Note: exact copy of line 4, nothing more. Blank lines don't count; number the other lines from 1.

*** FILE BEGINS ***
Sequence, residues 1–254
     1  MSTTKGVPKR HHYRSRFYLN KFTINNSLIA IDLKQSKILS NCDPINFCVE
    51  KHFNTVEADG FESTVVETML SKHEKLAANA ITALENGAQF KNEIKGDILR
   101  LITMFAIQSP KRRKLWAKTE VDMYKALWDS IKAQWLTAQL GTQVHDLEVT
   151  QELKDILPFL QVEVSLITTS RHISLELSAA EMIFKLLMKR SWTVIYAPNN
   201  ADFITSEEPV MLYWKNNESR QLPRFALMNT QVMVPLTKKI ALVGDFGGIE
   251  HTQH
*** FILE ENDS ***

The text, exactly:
   101  LITMFAIQSP KRRKLWAKTE VDMYKALWDS IKAQWLTAQL GTQVHDLEVT